Big bandwidth is usually found at a collocation facility (or colo). I want to warn against this if you are a super-small company. Get the bandwidth to the office! If you have a small team, the last thing you can afford is people on the highway all day long running to the colo. This is another big reason that I recommend small bandwidth for the development phase. You can’t afford the loss of a person for half a day to go exchange a disk. Another reason to avoid a colo is that it’s hugely expensive. Just throw the stack of machines under your desk and consider it a space heater.
CPU Issues. People argue all day about which types of CPUs to use for which phase of a search engine. Most people argue that the ideal is to get stupid CPUs for crawling and fast CPUs for indexing and serving. Why is this?
You don’t need a lot of thinking to do crawling; you need bandwidth, so any old CPU will do. For indexing, you are doing a lot of I/O and a lot of thinking/analyzing the page, so the bigger the better. At serve time, you’re going to need to re-rank the URLs in response to a query, so again, the bigger the better.
Since you’re writing the search engine yourself, however, it has to be one size fits all. Most indexing algorithms worth their salt will probably peg any CPU. So the same advice goes: it doesn’t matter, get what you can afford; the bugs you write will slow you down more than the cheap CPUs. If you have to look around your local Fry’s or CompUSA for CPUs, however, more on-board cache will be key for the indexing algorithms because more of the page will be kept onboard.
If your algorithm doesn’t peg a Pentium 4, then rethink the game plan of building a better search engine, because yours will not be the one that wins.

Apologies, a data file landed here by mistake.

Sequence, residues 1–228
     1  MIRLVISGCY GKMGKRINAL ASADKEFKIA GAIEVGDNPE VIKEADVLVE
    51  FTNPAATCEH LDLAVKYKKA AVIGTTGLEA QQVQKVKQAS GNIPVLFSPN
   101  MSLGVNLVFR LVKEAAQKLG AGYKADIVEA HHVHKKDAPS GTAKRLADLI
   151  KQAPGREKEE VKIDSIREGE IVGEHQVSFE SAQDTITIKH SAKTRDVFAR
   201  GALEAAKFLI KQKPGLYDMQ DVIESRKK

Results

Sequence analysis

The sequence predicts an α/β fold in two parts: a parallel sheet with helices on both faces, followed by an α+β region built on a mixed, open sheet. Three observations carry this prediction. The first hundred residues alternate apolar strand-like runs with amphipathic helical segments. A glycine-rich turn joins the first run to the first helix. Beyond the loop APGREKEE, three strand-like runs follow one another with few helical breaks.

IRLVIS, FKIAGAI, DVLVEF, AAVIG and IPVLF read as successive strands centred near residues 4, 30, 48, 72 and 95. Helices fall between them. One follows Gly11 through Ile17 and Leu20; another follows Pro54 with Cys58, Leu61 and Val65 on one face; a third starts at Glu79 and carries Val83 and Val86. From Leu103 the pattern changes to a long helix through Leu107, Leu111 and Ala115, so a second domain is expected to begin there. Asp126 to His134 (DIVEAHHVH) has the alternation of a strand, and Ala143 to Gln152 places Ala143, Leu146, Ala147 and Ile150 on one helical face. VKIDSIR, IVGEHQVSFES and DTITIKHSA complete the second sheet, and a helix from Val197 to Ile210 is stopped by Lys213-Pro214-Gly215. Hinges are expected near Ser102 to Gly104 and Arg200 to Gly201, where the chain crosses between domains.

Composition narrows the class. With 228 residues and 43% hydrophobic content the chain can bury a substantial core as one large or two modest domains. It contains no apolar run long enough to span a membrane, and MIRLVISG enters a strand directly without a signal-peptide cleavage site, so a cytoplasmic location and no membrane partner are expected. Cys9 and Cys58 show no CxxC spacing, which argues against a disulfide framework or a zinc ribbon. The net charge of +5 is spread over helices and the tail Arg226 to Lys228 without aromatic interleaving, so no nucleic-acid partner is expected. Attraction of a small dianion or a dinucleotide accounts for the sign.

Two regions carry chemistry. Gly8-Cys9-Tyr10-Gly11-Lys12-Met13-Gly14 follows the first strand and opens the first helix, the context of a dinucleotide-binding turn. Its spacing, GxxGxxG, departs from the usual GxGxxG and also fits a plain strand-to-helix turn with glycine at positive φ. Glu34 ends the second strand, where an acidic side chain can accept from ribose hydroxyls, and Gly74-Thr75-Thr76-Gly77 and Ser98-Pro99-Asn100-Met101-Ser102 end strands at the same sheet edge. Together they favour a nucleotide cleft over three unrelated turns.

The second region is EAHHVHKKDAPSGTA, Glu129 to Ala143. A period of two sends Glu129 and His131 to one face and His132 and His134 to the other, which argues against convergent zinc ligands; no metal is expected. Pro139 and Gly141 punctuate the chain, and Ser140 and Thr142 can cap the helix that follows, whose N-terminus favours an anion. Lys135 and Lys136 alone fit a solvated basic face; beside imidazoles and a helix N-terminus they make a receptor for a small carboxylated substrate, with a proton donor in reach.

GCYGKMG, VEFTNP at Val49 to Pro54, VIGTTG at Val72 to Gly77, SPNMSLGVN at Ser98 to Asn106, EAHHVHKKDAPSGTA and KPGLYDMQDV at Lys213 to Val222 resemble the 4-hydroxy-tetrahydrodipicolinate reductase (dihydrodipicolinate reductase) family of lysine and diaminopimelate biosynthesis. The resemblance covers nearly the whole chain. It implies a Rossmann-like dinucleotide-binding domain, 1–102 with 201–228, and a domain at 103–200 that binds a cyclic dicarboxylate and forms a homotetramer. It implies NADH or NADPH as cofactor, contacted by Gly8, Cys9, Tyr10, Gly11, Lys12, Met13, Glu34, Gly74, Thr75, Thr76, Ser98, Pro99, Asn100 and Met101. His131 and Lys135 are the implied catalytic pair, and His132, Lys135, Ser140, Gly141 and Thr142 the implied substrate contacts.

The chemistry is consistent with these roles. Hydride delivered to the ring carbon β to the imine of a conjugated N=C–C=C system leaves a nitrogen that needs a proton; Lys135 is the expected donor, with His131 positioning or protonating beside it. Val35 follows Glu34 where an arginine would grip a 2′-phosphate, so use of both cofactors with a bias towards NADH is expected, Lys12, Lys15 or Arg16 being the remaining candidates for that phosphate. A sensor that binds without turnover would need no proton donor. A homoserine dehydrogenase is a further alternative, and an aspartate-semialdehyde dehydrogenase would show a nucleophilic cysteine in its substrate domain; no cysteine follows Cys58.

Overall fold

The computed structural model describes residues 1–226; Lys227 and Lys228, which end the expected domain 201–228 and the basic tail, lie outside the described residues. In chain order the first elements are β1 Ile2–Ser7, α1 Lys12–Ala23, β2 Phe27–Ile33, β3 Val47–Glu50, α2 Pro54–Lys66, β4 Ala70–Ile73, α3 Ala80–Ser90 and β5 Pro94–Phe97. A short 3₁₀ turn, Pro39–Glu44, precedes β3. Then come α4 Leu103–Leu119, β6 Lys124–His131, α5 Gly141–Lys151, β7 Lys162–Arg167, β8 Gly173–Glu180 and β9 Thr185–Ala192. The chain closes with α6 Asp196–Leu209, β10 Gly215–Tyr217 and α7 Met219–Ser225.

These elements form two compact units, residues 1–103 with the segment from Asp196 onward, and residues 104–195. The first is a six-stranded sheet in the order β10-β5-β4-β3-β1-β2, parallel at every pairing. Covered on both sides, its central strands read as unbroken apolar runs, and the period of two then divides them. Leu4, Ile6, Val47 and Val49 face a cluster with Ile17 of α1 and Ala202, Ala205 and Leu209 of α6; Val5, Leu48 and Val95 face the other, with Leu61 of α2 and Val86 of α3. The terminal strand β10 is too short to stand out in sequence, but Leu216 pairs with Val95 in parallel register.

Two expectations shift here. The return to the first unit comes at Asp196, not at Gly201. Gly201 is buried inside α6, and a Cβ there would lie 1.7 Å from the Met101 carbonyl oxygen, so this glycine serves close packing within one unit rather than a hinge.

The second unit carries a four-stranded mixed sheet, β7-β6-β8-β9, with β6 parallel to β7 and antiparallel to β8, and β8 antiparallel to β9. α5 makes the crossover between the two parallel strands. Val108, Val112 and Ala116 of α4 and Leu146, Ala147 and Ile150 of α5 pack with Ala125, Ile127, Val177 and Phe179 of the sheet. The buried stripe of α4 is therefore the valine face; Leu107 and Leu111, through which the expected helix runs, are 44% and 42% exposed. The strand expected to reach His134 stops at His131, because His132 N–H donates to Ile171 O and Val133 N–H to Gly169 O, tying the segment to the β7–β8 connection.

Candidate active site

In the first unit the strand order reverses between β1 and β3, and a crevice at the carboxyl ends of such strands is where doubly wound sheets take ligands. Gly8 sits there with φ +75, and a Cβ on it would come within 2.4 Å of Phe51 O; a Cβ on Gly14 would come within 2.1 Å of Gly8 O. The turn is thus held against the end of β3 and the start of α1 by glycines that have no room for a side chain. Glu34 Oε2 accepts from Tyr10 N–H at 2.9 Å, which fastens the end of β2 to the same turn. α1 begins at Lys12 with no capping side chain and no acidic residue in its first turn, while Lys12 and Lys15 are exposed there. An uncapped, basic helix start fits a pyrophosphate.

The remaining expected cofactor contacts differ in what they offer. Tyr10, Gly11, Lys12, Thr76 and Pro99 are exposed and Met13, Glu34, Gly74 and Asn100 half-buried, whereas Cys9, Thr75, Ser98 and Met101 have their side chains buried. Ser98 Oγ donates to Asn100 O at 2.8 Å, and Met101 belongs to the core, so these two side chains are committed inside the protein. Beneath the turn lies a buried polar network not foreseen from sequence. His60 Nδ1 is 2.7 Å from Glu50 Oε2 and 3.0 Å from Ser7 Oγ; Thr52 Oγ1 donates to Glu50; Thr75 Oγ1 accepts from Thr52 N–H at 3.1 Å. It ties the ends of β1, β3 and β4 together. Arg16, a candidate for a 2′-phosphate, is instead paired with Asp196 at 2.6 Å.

Disk Issues. SCSI is faster, but IDE is bigger (and cheaper). If you are writing a search engine yourself, use IDE. This will save money in many ways. You get bigger disks, so one machine can hold 1 terabyte for IDE disks easily, but this just isn’t the case for SCSI. Secondly, SCSI disks are a lot more expensive—also not a good idea for four guys in the garage.
At runtime, you’ll be disk-bound. You have two tasks: get the index entries off disk and re-rank these for relevancy. For getting the index entries off disk, you might think the faster the disk the better. But users will not see the performance increase you get from SCSI in the disk transfer rate, because it takes a lot of practice with the search engine end game (the runtime architecture) for this difference to be an issue. Instead, use parallelism and multiple cheap disks to achieve this speed-up. This will still save you money in buying fewer machines and give you practice with the key tool of search engine architectures—parallelism.
Ah, but SCSIs are hot-swappable, you say. Get over it. Remember, no colo. You cannot afford it and you don’t want it. So if you’re worried about disk failures since you picked your disks out of a Dumpster, then my advice is don’t screw the covers onto your machines and don’t use four screws per disk. This makes IDEs pretty easy to repair, but certainly not hot-swappable.
Storing Files. Old-fashioned file systems used to have a limit on file size—some of them had a 2-gigabyte limit. These file systems also used to have an issue with storing lots and lots of files in one directory. For these reasons, the prevailing wisdom has been to crawl a bunch of URLs and stuff them into one big file (up to the limit) and then start on the next file. Even though current operating systems don’t have the same number-of-file restrictions they used to, putting lots of pages in one file is still a good idea. Stuff them in—up to the limit of good performance of your operating system.